This interview was conducted in Spanish and has been translated. Read it in Spanish here.
When Christian Vazquez was promoted to the big leagues in July 2014, he thought it was the first year of many to come. So the young Puerto Rican catcher was devastated when, less than a year later, he underwent Tommy John surgery and missed the entire 2015 season. Now back and helping the Red Sox prep for what he hopes will be a long playoff run, he spoke with Marly Rivera about playing with his fellow Puerto Ricans and learning from Hanley Ramirez.
What does it mean for you to be healthy and able to contribute to this team, on the verge of securing a place in the playoffs?
I'm so happy to be 100 percent healthy. I came back from a very significant surgery and last year was very difficult for me. It was a year of gaining experience, of learning about my body, how to work after the surgery. But what's important now is that I'm back here and I'm healthy, thank God. The team is playing really well. We are about to make it to the playoffs. And that's the goal, to stay healthy and keep on working hard.
What was it like in 2015 to learn that you needed Tommy John surgery?
It was difficult. I did a good job during my rookie season in 2014 and in 2015 I was going to play every day; I earned the job as an everyday catcher. Having that accident in spring training was a very difficult thing to swallow. It was very sad for my family; they were all so happy that I was going to play every day in the big leagues with this team ... rooted in so much history. But, as I said, last year was a year where I learned from experience. In 2015 I learned a lot by sitting in the dugout, listening to everyone about how the game is played, about doing those little things in the game, and it has helped me a lot.
What was your greatest lesson?
I think the most important thing I learned was to take care of my body; to eat healthy. In the offseason you have to prepare well because this is a very long season. So it's really hard to be out of shape heading into spring training and starting from scratch. It's very difficult to have a good season (if you do that). I think it helped me prepare better physically to get ready for the long season we have to play.
How much of an inspiration did you draw from seeing a group of young Puerto Rican players like you do so well in the playoffs and World Series last year?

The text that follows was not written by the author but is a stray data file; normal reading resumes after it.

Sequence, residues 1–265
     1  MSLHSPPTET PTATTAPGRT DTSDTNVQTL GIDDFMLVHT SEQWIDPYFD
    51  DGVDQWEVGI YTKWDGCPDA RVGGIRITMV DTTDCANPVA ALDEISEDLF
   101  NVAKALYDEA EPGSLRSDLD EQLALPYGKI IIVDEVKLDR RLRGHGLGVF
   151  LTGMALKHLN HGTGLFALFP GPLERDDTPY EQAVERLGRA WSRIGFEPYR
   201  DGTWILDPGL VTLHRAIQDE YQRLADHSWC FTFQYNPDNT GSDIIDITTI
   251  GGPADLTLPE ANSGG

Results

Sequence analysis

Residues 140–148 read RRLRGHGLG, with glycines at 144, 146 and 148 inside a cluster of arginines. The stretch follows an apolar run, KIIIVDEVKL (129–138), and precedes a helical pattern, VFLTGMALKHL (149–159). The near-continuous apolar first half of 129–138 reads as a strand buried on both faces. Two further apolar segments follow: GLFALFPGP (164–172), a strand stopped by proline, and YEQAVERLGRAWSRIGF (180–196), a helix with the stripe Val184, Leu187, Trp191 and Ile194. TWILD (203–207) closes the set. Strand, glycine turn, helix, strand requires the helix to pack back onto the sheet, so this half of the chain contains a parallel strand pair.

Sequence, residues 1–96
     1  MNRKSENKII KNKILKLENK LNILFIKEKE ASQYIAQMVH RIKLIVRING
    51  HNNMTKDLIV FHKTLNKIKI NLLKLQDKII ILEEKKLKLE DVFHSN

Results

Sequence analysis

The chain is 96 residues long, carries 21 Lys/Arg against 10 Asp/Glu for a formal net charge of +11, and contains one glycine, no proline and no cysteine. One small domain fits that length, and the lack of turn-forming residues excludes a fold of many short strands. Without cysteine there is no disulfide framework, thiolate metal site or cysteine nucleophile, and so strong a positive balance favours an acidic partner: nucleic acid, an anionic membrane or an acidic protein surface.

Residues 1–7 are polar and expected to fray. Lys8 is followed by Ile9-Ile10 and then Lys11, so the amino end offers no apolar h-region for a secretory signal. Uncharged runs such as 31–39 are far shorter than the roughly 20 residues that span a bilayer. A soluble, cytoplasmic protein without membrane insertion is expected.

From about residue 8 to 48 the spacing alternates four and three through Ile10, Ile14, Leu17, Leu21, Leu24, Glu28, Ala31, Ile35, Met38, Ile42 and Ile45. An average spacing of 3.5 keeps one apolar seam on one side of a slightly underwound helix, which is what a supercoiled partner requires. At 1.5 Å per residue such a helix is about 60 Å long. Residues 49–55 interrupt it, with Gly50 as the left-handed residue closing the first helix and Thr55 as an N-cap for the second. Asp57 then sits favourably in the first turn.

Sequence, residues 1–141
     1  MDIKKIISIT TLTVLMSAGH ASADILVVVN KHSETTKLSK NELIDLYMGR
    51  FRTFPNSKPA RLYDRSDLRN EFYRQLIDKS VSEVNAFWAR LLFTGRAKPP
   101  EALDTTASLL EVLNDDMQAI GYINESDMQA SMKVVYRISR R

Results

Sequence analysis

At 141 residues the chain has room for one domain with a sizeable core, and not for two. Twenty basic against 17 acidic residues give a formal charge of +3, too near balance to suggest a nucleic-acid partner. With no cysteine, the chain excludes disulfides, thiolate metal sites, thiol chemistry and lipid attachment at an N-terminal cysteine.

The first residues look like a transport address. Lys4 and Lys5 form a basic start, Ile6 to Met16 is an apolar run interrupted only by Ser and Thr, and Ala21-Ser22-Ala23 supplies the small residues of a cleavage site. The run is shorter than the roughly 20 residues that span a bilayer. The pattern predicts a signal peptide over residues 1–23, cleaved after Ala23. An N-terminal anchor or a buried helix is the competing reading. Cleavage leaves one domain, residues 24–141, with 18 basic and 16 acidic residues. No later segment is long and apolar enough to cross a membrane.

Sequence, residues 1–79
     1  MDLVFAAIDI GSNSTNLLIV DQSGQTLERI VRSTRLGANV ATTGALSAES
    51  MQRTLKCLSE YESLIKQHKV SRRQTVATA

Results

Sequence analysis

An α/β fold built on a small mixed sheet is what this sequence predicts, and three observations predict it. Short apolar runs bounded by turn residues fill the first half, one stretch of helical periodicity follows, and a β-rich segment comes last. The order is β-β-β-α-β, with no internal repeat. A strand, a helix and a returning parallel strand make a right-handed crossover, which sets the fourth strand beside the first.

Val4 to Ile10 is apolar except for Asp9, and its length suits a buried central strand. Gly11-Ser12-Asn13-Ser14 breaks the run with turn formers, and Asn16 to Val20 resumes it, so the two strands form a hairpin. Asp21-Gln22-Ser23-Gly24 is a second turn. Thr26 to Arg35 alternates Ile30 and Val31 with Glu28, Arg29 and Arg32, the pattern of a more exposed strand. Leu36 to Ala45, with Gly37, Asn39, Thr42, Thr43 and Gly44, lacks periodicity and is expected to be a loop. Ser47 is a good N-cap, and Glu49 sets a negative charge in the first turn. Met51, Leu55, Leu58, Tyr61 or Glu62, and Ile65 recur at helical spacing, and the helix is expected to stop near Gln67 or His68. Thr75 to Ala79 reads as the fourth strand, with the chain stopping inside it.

It was really nice to see the guys there. We come from an island where right now criminality is high, and for them to see those young players come up and succeed, coming from the island, and representing the island giving a hundred percent. It was really nice to see three Puerto Ricans in the World Series last year; I was really happy for them.
With the way the Indians, Astros and Cubs are playing, it's likely you'll face at least a few of them in the playoffs. Do you guys talk about that and keep in touch?
Yes, when I was there in Cleveland we talked a lot; also with Javy (Báez) when (the Cubs) came here. It was really nice to play against him. I am a reserved person. I don't like to bother the guys too much. And we have a lot of things to do. So I don't like to be a bother, but I always wish them well. When I see them, I always go say hello. I play winter ball with those guys in Puerto Rico and we have a good time over there. They're playing some incredible ball, Cleveland, Chicago (Houston). I'm really happy for them.
What does that say about the state of Puerto Rican baseball?
I feel very proud. I love watching Puerto Ricans improving and doing well. It's really nice to see Puerto Rican players returning to the top level we had in the past, in the times of Iván Rodríguez, Igor (González); all those guys. Now we are getting recognition in baseball once again.
Who has been the teammate that has helped you the most to get back to top form?
Hanley (Ramírez) has helped me a lot this year. Hanley has always been there for me. When we are in the gym we talk a lot; we're always together in the gym. Every day I have to work on my hitting, he's always there helping me. He really has been a great push for me this year by having his support, the support of a veteran player like him, who has played many years in the majors. He has hit a lot, and he's had injuries like me. I'm really grateful for him.
Hanley has told me that he embraces the opportunity and responsibility of being a leader, but that he prefers to fly under the radar.
He works more with you on an individual level. If he has to tell you something, he pulls you off to the side and talks to you, but he does it well. He always tells you the truth no matter what, and that's the most important thing. I really believe he took the torch from David (Ortiz), but David did it more toward the whole group. I'm really grateful.
How difficult has it been to work with the starting rotation this season, with all the changes?
In baseball there are always ups and downs. Right now they're doing a tremendous job; the bullpen, too. The starters are doing a tremendous job. They are getting far into games, which is what's important, and I'm really happy for them.
Looking back at the last Red Sox championship in 2013, do you think this team has what it takes to get that World Series ring?
Of course. Of course. Yes. We have a tremendous team; lots of young players with tremendous talent, such as Mookie Betts, (Andrew) Benintendi. I see this team getting far into the playoffs. And that's our goal. The important thing is to be united as a team, as a family and play the game with passion. And to have fun, which is the most important part.